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Parental Strengths . Kasey Scannell M.D., Jeana Bush M.D., Nicole McCoy M.D., Kanitra Clyburn RN Preventive Services Improvement Project Learning Session 2 November 11-12, 2011. Disclosures.

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Parental strengths

Parental Strengths

Kasey Scannell M.D., Jeana Bush M.D.,

Nicole McCoy M.D., Kanitra Clyburn RN

Preventive Services Improvement Project Learning Session 2

November 11-12, 2011


I have no relevant financial relationships with the manufacturers of any commercial products and/or provider of commercial services discussed in this CME activity. I do not intend to discuss an unapproved/investigative use of a commercial product/device in their presentation.

Myers park pediatrics
Myers Park Pediatrics


  • FPN

  • Continuity Clinic

  • General Pediatrics

    Provider Profile:

  • Faculty Practice: 5

  • Mid-levels : 4

  • Residents: 34

  • Rotating faculty educators: 8


  • 18 clinical staff

    • 13 RNs


      3 full time, 4 part time

      Registrar Staff: 11

      1st challenge: educating 51 providers

Myers park pediatrics1
Myers Park Pediatrics

  • Insurance: 90% Medicaid

  • Language: 54% English, 45% Spanish, ~1% Other

  • # WCC: >1000 per month

  • Written and PowerNote hybrid


  • Residency program with a QI emphasis

  • Outpatient clinic with 6 projects ongoing

  • Every resident, most providers & many nurses are required to participate in QI annually

    2ndChallenge: Constant change!

Parental strengths1
Parental Strengths

  • Project Goal:

    • 85% of patients have documentation in the chart that parental strengths were documented at the most recent visit

  • Myers Park Group Definition:

    • emphasizing at least one thing the parent is doing well to promote the child’s health and well being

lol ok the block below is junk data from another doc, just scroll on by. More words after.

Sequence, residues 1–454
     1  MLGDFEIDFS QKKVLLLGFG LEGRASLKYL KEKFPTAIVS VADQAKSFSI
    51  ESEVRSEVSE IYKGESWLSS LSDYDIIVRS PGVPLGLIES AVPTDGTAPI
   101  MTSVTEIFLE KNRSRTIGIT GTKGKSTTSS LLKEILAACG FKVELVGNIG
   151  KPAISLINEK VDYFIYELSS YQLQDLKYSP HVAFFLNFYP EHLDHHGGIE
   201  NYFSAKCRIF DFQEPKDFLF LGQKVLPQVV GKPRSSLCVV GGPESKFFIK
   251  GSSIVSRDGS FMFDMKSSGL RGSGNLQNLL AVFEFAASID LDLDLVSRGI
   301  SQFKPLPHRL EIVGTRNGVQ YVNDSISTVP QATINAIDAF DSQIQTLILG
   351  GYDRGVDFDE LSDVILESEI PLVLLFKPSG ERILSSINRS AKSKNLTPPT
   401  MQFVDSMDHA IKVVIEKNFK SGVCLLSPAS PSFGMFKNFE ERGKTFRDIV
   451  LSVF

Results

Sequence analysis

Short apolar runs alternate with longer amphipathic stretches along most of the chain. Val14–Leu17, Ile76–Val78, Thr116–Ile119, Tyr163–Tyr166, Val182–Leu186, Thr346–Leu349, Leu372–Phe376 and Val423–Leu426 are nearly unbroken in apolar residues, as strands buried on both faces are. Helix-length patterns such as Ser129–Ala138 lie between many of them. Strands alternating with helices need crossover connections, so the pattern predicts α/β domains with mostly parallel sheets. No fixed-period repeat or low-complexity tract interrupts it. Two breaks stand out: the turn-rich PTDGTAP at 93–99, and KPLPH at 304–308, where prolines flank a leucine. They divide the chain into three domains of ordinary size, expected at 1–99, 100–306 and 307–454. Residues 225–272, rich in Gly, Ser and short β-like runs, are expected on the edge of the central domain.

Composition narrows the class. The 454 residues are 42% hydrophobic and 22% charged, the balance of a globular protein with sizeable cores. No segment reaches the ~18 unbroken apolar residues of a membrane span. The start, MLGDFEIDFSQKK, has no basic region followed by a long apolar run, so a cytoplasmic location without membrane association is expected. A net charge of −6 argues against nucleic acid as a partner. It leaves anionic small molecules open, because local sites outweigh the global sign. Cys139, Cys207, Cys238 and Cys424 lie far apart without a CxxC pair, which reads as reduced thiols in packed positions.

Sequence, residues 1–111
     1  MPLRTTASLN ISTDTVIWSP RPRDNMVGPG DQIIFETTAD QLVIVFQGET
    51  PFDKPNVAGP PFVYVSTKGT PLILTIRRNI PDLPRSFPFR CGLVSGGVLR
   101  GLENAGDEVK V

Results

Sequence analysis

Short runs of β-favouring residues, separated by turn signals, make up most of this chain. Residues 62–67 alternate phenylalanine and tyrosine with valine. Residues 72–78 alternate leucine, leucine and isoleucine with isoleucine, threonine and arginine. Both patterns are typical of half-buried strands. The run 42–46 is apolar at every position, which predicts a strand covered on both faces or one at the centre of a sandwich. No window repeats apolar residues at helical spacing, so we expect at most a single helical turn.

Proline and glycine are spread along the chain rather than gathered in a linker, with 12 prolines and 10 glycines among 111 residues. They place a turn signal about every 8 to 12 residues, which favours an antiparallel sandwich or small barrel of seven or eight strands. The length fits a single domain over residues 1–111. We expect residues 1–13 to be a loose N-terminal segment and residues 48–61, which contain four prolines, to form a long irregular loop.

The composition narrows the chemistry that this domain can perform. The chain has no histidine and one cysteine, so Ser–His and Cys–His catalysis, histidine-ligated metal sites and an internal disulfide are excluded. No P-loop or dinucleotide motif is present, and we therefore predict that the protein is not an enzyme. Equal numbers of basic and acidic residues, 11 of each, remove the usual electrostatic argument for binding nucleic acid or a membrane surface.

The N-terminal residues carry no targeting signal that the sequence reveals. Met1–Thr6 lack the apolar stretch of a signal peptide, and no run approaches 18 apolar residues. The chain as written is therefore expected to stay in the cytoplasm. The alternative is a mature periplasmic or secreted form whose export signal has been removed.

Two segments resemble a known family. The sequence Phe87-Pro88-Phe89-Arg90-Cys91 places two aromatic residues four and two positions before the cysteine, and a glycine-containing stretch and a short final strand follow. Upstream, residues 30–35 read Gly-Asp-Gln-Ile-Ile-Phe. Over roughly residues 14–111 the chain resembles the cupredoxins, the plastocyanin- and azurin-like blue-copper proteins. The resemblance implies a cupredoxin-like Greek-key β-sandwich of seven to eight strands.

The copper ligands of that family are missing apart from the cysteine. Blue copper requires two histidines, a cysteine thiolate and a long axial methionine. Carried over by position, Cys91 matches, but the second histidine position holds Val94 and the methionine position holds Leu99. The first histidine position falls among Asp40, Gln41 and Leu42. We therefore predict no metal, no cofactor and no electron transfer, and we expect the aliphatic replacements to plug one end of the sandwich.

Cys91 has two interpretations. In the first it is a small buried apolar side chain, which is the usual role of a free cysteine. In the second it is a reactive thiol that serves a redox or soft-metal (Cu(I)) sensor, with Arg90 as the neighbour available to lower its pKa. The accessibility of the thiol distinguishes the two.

• Positive health choices

    • Breastfeeding

    • Bottle weaning

    • Healthy diet

    • Proper oral health

  • Providing a safe environment

    • Wearing bike helmet

    • Safety proofing house

    • Proper car seat placement

  • Positive parental decisions

    • Reading to child

    • Making WIC appointments

    • Behavior management

    • Recognition of developmental concerns

    • Bringing to the WCC appointment

Aim statements
AIM statements

  • Myers Park:

  • by April 2011, at 50% of 9 mo WCC and 24 mo WCC, a parental strength was identified, discussed and documented

  • Entire group:

  • By November, 85% of patients have documentation in the chart that parental strengths were documented at the most recent visit

Step 1
Step 1

  • Education

    • Resident noon conference and faculty meeting on bright futures project

      • Highlighted initial goals including parental strengths

    • Re-addressed at next housestaff-faculty meeting to catch providers who may have missed the initial education session


  • We thought everyone was already doing this… now they just needed to document it -- easy, right?

  • Sites of potential documentation included:

    • Handwritten WCC note

    • Power note for providers on EMR

    • Typed discharge paperwork

  • Then we did our first chart review…


  • Push back from all providers regarding time/effort for extra documentation

  • Overestimated resident and faculty comfort regarding parental strengths

    • Interns vs. residents vs. faculty regarding acceptance

  • QI fatigue

  • Lack of education:

    • Difficult to make all providers aware

Step 2
Step 2

  • More education- emails, meetings

    • At the start of the 2011-2012 academic year, ALL new interns received orientation regarding the goals and objectives of the project by the lead nurse

  • Positive reinforcement and “gentle reminder” emails after the chart review

Step 21
Step 2

  • Providing providers with clear, concise examples in English and Spanish:

  • I am pleased with the way you are breastfeeding. He/she is growing wonderfully!

  • I am impressed with the way you are introducing different types of fruits and vegetables to your child.